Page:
* Sterling hits highest since late September versus dollar
* UK Nov annual CPI holds at 2.7 pct, above forecasts
* High inflation makes further QE from BoE less likely
* Dovish bias in minutes could show short-term weakness
By Philip Baillie
LONDON, Dec 18 Sterling rose to its highest in
more than two and a half months against the dollar on Tuesday
after stubborn UK inflation added to expectations the Bank of
England will avoid further easing for now.
The pound rose to as high as $1.6226, its strongest
since late September. More gains could enable it to target the
Sept. 28 peak of $1.6273 and the mid-September high of $1.6310.
It was last up 0.1 percent on the day at $1.6215.
Traders said sterling was also lifted in thin trade by
year-end demand for the currency from companies looking to hedge
and from central banks.
UK annual consumer price inflation unexpectedly remained at
2.7 percent in November after a surprise jump the month before,
which is likely to reinforce the central bank's concerns about
price pressures proving persistent. The market consensus had
been for inflation to dip to 2.6 percent.
Some analysts said the pound could lose some ground if the
minutes from the bank's latest Monetary Policy Committee (MPC)
meeting show a more dovish bias.
The minutes are due on Wednesday and could mirror earlier
comments from Bank of England Governor Mervyn King that the UK
will struggle to boost exports as long as the pound remains
"Sterling has been quite resilient in the last few
sessions," said Audrey Childe-Freeman, currency strategist at
BMO Capital Markets.
"The inflation numbers were a little bit of a non-event, MPC
minutes and retail sales will be the focus this week, and if the
minutes are on the dovish side ... we could see sterling more
BMO's Childe-Freeman said if the pound did show weakness
after the MPC minutes, it could be an opportunity to buy, given
sterling's recent momentum against the dollar.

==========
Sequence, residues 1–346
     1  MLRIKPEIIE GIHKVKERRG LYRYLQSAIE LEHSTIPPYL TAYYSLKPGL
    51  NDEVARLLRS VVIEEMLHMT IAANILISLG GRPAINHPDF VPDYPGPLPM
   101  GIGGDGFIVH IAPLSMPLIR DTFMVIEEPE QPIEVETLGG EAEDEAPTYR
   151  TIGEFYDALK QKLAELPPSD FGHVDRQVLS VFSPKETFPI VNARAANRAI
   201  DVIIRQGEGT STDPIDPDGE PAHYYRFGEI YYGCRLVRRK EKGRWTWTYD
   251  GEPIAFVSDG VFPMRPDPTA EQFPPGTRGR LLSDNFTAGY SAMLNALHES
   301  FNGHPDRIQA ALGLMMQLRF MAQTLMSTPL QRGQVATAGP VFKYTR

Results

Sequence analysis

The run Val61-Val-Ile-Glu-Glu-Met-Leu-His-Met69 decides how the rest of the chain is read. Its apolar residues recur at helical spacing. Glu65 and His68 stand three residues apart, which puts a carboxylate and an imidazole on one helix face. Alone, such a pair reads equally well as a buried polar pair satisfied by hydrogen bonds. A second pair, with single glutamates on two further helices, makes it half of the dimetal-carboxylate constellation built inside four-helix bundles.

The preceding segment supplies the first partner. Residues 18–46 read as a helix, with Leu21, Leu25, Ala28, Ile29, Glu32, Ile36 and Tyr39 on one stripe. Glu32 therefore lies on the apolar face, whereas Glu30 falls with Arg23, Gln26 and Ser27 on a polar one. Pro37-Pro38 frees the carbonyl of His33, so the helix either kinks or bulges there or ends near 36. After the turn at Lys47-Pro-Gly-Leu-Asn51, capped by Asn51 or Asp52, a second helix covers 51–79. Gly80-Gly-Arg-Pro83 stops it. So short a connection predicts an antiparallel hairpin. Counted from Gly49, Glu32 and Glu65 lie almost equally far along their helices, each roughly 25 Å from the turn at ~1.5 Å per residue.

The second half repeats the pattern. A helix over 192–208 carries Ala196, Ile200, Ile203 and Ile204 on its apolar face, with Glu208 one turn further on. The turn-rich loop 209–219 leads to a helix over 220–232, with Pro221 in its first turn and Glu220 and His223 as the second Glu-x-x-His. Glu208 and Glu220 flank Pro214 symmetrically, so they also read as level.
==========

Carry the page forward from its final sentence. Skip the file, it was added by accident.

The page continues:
Analysts at Citi said sticky inflation would make it more
difficult for the BoE to extend asset purchases and added
sterling was likely to track movements in the euro closely.
The euro was flat against the pound at 81.23
pence, trading down from Monday's near two-month high of 81.55
pence. Against the dollar, the euro was near a 7-1/2
BENEFITING BY DEFAULT
Analysts said sterling was also benefiting by default from
expectations of aggressive easing measures in Japan, which would
hurt the yen, and from last week's decision by the U.S. Federal
Reserve to loosen policy further, which was weighing on the
"Sterling has been doing OK because it is one of the least
bad of the major currencies. It is also benefiting from a
perkier performance from the euro, but volumes are low and
relatively small flows are having a greater impact," said
Michael Derks, strategist at FXPro.
With the BoE likely to be on the sidelines, sterling could
benefit from investors seeking better returns in a world where
major central banks have cut rates to zero or near zero.
A Reuters poll conducted last week showed economists expect
UK interest rates to stay on hold at 0.5 percent until at least
Still, investors will look to the minutes for clues on the
chances of UK policymakers authorising more bond buying.
Quantitative easing or expectations of more asset purchases by
the central bank is usually negative for a currency as it
increases its supply.
"The idea that there may be no more QE for now has impacted
sterling at the margin," Derks said.